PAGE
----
FORT MYERS, Fla. -- A mid-career move wasn't what the thirty-something-year-old Jeff Cirillo was looking for late last season when he was with the Milwaukee Brewers. But the Brewers needed somebody to spell their starting shortstop, J.J. Hardy, and, for some reason, Cirillo's name came up. Coach Robin Yount was the man who broached the subject. Yount told Cirillo that he was going to start the next day at shortstop.
"I said, 'You're kidding, right?'" Cirillo recalled. "He was like, 'No, you're playing shortstop tomorrow.' I'm like, 'OK.' "And he said, 'If we win, you're playing there the next game, too.'" Cirillo ended up playing shortstop in back-to-back games, and the Brewers used him at shortstop one other time last season. "I was fine the first game there," Cirillo said. "But I was definitely thinking on both sides of the ball. The whole game I was thinking about plays at shortstop. I was freakin' exhausted after the game." His exhaustion might increase tenfold now that he's wearing a Twins uniform, because manager Ron Gardenhire is seriously looking at using Cirillo at shortstop this season. No, Cirillo isn't going to be taking Jason Bartlett's starting job at short. Gardenhire hasn't needed to make a move that earth-shaking. He's simply trying to find somebody who can spell Bartlett here and there. The injury to Alejandro Machado (torn labrum) has forced Gardenhire to explore his options, so he's had Cirillo and Luis Rodriguez field groundballs at short. At some point in the days ahead, the now 37-year-old Cirillo should soon be finding his way into one or two Grapefruit League games at the position. "He's my manager," he said of Gardenhire. "If he asks me to play shortstop, I'd go play shortstop."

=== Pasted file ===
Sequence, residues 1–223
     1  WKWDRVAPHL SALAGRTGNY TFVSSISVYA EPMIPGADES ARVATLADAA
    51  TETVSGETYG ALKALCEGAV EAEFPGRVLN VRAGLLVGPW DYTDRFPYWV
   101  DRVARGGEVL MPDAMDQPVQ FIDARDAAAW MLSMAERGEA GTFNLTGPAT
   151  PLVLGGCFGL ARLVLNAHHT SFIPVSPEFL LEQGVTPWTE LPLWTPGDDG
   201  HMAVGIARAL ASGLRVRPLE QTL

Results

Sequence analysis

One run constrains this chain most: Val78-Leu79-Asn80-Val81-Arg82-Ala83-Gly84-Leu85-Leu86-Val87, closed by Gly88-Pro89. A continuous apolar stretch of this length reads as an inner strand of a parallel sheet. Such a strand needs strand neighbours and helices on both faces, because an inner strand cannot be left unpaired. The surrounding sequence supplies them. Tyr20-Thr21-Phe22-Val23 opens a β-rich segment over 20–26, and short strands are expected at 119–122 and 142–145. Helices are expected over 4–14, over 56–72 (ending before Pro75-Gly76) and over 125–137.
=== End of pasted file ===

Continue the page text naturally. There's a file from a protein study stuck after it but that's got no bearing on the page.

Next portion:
Anything for Gardenhire, right? Well, almost anything."Now, if he asked me to go play catcher," Cirillo said, "I'm gonna have a problem. Anywhere but catcher, I'll go play." So he sounds as if he's comfortable with the idea of moving, now and then, from third to short. He knows he's simply serving as a fill-in, nothing more. Cirillo doesn't expect to convince anybody, not even himself, that he's built from the same Gold Glove mold as Ozzie Smith and Omar Vizquel. "The more you get out there, the repetition of it and then getting a game under your belt at shortstop, it works better," Cirillo said. "I'll make the plays [hit] at me, you know. "I probably won't look like a standard big-league shortstop, but I'll catch it and throw it." Gardenhire, a manager who puts a premium on his players making plays, might well settle for that from Cirillo until somebody better comes his way.
Justice B. Hill is a reporter for MLB.com. This story was not subject to the approval of Major League Baseball or its clubs.